[0003] U.S. Pat. No. 5,455,875, whose disclosure is incorporated herein by reference, describes a system and method for correction of OCR with display of image segments according to character data. The method is implemented in document processing systems produced by IBM Corporation (Armonk, N.Y.), in which the method is referred to as “SmartKey.” The system presents to the human operator a “carpet” of character images on the screen of a computer terminal. The character images, each containing a single character, are produced by segmenting the original document images that were processed by OCR. Segmented characters from multiple documents are sorted according to the codes assigned to them by the OCR. The character images are then grouped and presented in the carpet for verification according to their assigned code.

[0004] For example, the operator might be presented with a carpet of characters that the OCR has identified as representing the letter “a.” Under these conditions, it is relatively easy for the operator to visually identify OCR errors, such as a handwritten “o” that was erroneously identified as an “a.” The operator marks erroneous characters by clicking on them with a mouse. Thus, displaying the composite, “carpet” images to the operator, made up entirely of characters which have been recognized by the OCR logic as being of the same type, enables the operator to rapidly recognize and mark errors on an exception basis. Once recognized, these errors can then either be corrected immediately or sent to another operator for correction. The remaining, unmarked characters in the carpet are considered to have been verified.

[0005] Because of the ubiquity of OCR applications, far more research and development effort has been invested in OCR (including OCR verification) than in other branches of computerized image recognition that do not deal exclusively with characters. In the context of the present patent application and in the claims, the term “character” is used in its conventional sense, to refer to a symbol that serves as an atomic unit of representation in a written language or numerical system. Characters are atomic in the sense that they cannot be divided into smaller sub-units without losing their linguistic or numerical meaning. Thus, characters that are segmented, recognized and verified in OCR systems are generally individual letters and digits, although they may also be atomic representations of complex sounds, as in Chinese or Japanese. On the other hand, the inventors are unaware of any publications suggesting methods or systems for efficient verification of non-character computer image recognition results.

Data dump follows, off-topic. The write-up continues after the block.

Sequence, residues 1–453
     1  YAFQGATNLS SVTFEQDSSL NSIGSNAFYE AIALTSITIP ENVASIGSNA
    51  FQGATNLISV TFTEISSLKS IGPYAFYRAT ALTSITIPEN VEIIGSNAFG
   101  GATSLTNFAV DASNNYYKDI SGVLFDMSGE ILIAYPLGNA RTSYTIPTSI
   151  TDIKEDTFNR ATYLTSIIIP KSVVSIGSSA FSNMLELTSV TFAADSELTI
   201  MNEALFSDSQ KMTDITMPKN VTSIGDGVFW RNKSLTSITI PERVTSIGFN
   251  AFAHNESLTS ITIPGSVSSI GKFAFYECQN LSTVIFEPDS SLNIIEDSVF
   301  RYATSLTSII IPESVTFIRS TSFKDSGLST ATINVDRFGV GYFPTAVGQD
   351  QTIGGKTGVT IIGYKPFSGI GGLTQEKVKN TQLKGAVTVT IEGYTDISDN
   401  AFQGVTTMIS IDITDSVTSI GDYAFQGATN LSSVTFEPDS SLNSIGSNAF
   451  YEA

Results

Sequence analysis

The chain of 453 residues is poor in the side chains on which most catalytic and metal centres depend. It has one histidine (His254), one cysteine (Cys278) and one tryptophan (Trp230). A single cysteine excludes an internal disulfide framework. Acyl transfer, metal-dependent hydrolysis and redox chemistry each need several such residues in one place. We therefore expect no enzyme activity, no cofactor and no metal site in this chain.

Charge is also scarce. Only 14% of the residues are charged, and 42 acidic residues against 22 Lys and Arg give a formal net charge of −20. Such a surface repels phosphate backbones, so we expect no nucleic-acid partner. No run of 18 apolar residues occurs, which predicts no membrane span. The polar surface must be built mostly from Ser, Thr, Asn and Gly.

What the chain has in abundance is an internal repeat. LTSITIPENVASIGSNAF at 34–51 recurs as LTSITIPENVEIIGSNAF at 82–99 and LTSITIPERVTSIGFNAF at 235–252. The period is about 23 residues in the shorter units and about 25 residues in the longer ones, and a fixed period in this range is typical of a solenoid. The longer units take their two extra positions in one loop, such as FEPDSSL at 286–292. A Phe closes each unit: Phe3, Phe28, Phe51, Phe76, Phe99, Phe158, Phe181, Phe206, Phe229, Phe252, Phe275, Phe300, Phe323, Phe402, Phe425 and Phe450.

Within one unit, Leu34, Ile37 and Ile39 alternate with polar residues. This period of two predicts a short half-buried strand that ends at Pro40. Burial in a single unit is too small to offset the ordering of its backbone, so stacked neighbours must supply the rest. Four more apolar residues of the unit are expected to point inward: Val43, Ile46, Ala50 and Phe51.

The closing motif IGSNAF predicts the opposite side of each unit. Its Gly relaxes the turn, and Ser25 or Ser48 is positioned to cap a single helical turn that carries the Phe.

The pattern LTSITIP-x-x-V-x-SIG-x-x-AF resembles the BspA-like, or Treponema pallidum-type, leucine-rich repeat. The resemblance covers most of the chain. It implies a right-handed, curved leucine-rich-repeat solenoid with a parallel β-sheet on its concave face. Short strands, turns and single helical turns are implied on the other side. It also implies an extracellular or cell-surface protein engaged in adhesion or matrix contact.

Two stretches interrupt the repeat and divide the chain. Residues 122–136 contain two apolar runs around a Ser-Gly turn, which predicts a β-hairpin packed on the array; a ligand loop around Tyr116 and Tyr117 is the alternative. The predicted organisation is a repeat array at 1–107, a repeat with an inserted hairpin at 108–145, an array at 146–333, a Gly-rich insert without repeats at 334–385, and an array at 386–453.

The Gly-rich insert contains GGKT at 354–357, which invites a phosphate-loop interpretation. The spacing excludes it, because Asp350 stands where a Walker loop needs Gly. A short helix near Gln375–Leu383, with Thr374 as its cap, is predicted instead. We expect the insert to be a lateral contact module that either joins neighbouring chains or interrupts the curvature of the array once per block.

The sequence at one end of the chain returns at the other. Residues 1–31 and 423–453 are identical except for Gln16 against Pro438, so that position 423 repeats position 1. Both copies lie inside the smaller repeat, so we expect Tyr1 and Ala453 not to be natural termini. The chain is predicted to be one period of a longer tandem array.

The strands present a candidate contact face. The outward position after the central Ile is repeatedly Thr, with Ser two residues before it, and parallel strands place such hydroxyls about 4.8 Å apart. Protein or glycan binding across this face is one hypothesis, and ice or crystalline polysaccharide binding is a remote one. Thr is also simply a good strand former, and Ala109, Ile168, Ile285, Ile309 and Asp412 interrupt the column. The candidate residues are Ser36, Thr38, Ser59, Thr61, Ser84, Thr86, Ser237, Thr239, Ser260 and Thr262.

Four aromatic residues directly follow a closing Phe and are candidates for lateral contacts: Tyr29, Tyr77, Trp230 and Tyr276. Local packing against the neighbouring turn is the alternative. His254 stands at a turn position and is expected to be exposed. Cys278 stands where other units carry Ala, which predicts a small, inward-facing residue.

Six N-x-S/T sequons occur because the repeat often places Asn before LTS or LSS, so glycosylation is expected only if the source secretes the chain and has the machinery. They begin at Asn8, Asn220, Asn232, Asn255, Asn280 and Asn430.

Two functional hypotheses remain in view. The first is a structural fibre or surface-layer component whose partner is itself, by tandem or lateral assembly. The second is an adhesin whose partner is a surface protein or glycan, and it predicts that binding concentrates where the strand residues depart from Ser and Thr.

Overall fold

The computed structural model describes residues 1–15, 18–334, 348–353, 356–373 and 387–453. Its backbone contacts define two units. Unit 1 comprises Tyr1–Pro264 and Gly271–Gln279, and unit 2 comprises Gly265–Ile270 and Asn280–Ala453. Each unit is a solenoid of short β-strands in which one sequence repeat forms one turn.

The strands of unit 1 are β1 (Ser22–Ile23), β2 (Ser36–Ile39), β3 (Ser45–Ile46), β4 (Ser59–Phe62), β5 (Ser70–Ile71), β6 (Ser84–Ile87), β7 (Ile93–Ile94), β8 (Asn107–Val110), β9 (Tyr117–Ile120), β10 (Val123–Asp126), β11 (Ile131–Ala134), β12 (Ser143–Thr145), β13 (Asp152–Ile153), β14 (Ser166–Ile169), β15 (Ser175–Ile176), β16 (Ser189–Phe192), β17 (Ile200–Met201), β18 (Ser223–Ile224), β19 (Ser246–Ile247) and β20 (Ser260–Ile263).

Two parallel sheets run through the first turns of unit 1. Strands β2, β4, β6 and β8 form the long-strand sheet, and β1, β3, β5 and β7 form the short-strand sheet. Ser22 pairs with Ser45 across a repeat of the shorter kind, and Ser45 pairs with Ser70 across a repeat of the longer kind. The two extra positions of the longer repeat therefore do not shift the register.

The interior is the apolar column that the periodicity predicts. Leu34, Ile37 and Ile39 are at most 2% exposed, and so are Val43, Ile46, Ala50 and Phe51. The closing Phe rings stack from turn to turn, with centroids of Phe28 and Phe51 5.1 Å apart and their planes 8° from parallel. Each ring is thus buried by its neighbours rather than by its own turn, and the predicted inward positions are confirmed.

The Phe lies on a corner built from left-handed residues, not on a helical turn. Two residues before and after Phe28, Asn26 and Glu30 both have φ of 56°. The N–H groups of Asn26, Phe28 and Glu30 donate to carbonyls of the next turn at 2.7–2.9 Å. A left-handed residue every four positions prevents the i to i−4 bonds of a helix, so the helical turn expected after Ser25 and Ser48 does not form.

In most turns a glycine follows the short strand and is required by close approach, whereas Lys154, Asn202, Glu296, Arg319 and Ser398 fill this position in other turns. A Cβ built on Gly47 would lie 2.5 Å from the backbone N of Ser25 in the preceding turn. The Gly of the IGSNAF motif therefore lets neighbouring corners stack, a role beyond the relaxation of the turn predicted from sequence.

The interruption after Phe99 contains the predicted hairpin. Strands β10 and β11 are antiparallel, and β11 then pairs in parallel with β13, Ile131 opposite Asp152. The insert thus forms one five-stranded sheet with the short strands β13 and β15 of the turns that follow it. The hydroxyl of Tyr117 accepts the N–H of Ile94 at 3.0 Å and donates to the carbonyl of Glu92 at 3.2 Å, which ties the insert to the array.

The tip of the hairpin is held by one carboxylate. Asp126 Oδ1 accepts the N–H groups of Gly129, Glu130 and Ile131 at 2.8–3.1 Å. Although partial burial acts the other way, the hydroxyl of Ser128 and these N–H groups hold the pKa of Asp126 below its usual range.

SUMMARY OF THE INVENTION

[0006] Preferred embodiments of the present invention provide an efficient and reliable method for verifying results of automated image recognition for applications in which the image features that are recognized are not individual characters in a language or numerical system. After computer analysis has identified certain image elements in a group of images (or possibly in a single large image), a number of the elements that were assigned the same classification are displayed together for a human operator. The elements are typically selected and cropped from different locations in the images. They are preferably displayed together for the operator in a grid pattern on a computer screen, as in the above-mentioned SmartKey system. The operator can then verify that all of the elements were correctly classified and, if necessary, can indicate to the computer which classifications may be erroneous, typically by using a pointing device, such as a mouse, to select the incorrectly-identified elements in the grid display.

[0007] The present invention thus extends the advantages of accurate and efficient verification of image recognition results to a broad range of applications beyond the field of OCR. Applications that may benefit from the present invention include, for example, computer recognition of words, of non-character symbols and of features of three-dimensional objects. Other applications will be apparent to those skilled in the art. Although preferred embodiments are described herein with reference to verifying results of image analysis performed automatically by a computer, the principles of the present invention can similarly be applied to verifying results of image feature recognition performed by human operators.